The Guimet Museum in Paris, a living window to Asia

Place d’Iéna, near the Eiffel Tower, the Mnaag (National Museum of Asian Arts-Guimet) spreads its wings on either side of a tower surmounted by a colonnaded dome. Seen from the outside, its neo-classical architecture does not bring it back. Yet he is “the largest museum of Asian art in Europe and houses an extremely important library of incunabula and ancient printed works” , says its president, Sophie Makariou.

The historical library. © Daniel Fouray, West-France.

Emile Guimet (1836-1918)

The man who gave his name to the museum was the son of the founder of the firm Guimet, “ancestor” of the Pechiney house. The invention of artificial ultramarine blue made its fortune in Fleurieu-sur-Saône, near Lyon. “Émile Guimet grew up in a family of social bosses, very close to their workers, in love with art. By taking over the reins of the factory at the age of 24, he continued on this path. »

From Egypt to Japan

Very quickly, Guimet, coming from a background “fairly agnostic”, was fascinated by religions “as systems of thought” . In search of legitimacy, “suffering from the misfortune of being rich” in the eyes of researchers of his time, he entered the society of Orientalists, sponsored by Ernest Renan; create a Journal of the history of religions in 1880 and the Annals of the Guimet Museumbecome the Asian Arts Review.

It funds publications; the excavations of Antinoé in Egypt… He runs there, takes an interest in the cult of Isis, collects objects. And undertook (1876-1877) a trip to the Far East, with a long stopover in Japan, to study Buddhism, accompanied by the painter Felix Regamey. In addition to a wonderful drawn report, he brought back some 300 paintings, 600 Buddhist sculptures, 1,600 manuscripts.

“A philosophical factory”

This is the definition he gave of his museum of religions, created in 1889 in Paris, to exhibit his treasures there. “There are several types of scholars, he thought. Those who draw the curtain so as not to be seen and those who make holes in the curtains. Me, I like to make holes in the curtains. I want to see and I want everyone to see. »

The goalkeepers, all from Lyon, were “museum teachers” , Today, we would say mediators. “He had an extremely generous, truly philanthropic and modern vision of the museum, believes Sophie Makariou, named at the head of Guimet after having founded the department of Islamic arts at the Louvre. A museum must be open to the world, a place from which to think, where the collections must speak to people. »

Transform Inheritance

Over time, the museum has hosted other collections and donations and today houses “more than 60,000 works and 500,000 photographic supports” . Including a fabulous legacy from the photographer Marc Riboud (1923-2016) : all of his negatives, his correspondence with Cartier-Bresson…

He also attaches great interest to the creation of today, conducts a policy of acquisition of contemporary ceramics, in a “wink” to Guimet who brought some back from Japan. He offers white cards under the rotunda. Chiharu Shiotaan internationally known Japanese artist, is currently offering his vision of confinement, lived in Berlin in a multitude of miniature pieces of furniture trapped in an impressive weaving of red thread: “Today’s creation is tomorrow’s heritage. »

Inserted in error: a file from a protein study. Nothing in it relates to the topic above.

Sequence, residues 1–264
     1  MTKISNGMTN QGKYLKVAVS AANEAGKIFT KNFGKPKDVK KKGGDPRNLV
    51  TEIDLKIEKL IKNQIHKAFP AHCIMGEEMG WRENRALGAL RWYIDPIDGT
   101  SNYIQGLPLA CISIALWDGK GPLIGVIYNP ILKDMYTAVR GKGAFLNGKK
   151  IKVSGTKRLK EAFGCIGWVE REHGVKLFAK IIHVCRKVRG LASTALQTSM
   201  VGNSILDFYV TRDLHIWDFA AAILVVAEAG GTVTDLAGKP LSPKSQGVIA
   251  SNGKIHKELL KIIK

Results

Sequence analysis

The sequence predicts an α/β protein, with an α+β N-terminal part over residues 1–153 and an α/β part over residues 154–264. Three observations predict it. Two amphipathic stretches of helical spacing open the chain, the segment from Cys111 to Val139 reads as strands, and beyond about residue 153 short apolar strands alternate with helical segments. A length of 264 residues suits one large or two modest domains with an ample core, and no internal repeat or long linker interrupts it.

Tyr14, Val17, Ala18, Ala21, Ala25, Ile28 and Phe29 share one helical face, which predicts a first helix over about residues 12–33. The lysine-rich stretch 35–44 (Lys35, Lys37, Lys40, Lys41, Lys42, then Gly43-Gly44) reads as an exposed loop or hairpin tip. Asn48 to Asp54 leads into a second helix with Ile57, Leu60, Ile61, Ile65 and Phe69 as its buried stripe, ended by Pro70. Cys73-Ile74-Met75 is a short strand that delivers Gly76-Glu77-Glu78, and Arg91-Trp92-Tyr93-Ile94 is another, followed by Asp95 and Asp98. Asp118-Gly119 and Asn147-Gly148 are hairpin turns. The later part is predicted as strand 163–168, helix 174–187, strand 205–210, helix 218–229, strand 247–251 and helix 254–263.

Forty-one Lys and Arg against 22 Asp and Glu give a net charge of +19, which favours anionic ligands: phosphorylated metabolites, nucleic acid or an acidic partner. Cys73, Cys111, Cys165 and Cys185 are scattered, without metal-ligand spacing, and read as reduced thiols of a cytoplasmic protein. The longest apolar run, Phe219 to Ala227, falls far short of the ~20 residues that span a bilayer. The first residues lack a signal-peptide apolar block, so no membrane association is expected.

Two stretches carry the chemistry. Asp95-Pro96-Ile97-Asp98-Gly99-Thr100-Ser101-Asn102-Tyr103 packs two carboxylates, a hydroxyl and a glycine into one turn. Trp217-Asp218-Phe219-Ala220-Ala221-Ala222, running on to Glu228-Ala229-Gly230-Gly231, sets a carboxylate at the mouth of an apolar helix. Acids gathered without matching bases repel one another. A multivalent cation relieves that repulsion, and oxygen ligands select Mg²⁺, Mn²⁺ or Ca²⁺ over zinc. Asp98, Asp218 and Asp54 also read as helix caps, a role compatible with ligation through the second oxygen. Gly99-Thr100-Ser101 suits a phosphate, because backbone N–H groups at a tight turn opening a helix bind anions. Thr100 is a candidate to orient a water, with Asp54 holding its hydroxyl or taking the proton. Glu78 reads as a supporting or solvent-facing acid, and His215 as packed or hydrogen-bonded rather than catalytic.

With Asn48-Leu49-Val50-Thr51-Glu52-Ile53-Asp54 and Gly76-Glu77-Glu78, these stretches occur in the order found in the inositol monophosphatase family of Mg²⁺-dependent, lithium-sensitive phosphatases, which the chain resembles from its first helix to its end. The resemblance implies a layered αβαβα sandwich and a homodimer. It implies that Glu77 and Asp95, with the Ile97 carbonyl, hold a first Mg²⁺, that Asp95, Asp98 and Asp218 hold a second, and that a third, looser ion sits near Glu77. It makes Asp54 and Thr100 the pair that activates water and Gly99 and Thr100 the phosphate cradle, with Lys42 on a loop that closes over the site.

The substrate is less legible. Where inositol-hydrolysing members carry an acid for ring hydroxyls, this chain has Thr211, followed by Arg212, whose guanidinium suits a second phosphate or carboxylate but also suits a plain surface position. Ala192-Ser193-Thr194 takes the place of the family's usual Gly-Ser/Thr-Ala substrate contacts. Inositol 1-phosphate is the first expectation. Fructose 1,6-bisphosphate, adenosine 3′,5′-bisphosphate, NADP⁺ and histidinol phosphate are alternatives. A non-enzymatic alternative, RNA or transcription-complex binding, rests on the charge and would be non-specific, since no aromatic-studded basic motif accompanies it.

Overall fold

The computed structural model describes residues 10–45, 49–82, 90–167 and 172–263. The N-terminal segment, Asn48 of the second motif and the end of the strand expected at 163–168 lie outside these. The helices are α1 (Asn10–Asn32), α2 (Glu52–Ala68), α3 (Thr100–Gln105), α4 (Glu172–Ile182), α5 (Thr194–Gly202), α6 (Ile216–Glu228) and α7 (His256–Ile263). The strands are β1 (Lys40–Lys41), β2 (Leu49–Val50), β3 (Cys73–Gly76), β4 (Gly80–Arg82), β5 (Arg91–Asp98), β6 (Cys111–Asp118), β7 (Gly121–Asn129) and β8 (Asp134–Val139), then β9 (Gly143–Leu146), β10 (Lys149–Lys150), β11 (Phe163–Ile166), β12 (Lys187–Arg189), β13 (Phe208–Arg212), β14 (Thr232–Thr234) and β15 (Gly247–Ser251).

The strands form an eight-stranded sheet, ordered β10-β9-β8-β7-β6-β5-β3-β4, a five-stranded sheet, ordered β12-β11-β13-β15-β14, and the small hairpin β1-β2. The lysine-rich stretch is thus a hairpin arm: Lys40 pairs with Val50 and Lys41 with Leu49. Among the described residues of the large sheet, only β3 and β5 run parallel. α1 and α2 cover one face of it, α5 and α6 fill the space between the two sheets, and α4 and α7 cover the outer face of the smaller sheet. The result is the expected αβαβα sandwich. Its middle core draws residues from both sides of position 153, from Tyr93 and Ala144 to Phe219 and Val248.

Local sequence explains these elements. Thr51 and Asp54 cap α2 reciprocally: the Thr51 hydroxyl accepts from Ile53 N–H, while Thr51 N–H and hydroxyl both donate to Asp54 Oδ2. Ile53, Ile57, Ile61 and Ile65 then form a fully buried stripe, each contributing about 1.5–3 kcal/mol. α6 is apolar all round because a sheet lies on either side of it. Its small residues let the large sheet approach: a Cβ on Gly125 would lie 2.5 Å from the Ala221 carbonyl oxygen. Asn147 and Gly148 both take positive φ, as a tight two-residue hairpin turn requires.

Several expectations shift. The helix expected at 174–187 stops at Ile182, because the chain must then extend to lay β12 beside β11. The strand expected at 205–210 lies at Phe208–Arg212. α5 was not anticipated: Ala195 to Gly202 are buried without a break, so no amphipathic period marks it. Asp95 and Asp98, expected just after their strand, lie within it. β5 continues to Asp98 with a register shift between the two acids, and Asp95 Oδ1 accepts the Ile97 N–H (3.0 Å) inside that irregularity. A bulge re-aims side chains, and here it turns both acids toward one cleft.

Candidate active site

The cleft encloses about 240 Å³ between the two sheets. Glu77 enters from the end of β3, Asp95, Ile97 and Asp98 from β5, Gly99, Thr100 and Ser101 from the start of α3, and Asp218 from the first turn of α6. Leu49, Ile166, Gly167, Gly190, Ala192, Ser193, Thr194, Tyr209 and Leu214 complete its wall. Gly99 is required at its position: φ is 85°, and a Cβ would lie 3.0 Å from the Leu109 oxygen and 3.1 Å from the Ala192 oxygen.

carte blanche photo to chiharu shiota. living inside. toys and yarn © daniel fouray, ouest-france

Carte blanche to Chiharu Shiota. Living Inside. Toys and yarn © Daniel Fouray, Ouest-France

A portal to Asia

Cooking, manga, meditation, yoga… Asia (home to half of humanity) can be distressing but also makes you dream for many things. There is growing interest for different ways of life, systems of thought, spirituality, relationship to the world. 130 years after its creation by a visionary, this museum is increasingly called upon to act as a portal to Asia, by focusing on aspects of civilization. » For example at through this exhibition on yoga, which has just ended, programs co-produced with TV5 Monde or the creation of an Asian literature prize, which crowns a novel translated into French for less than two years. Guimet attendance also suffered from the Covid crisis. The lesson was used to develop more initiatives on the Internet: concerts, openings to follow from your sofa, virtual tours of exhibitions such as The China 9th century porcelainand in the XVIIIand century. An immersive experience will never replace physical travel, but it’s a new way to “Put holes in the curtains”.

crystal samurai picture. contemporary work by french artist patrick neu. © daniel fouray, west-france.

Crystal Samurai. Contemporary work by French artist Patrick Neu. © Daniel Fouray, West-France.

A Japanese spring

The bow and the sword, imaginary warrior of Japan, until August 29. Carte blanche to Chiharu Shiota, until June 6. Touch the firededicated to the women ceramicists of Japan, from the 1er June to October 3.

Coming soon: a carte blanche to contemporary Chinese artist Yang Jiechang, from July 6 to October 24. Shadows and legends, a century of archaeological research in Afghanistan and On the wire, textile creation by Afghan women, from October 12 to January 30. Asia for photographers, from October 19 to January 23.

Guimet Museum, 6, place d’Iéna. Paris XVIand, guimet.fr. Admission €11.50, full price, €8.50 (free). Second visit free within fourteen days of the first.

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The Guimet Museum in Paris, a living window to Asia


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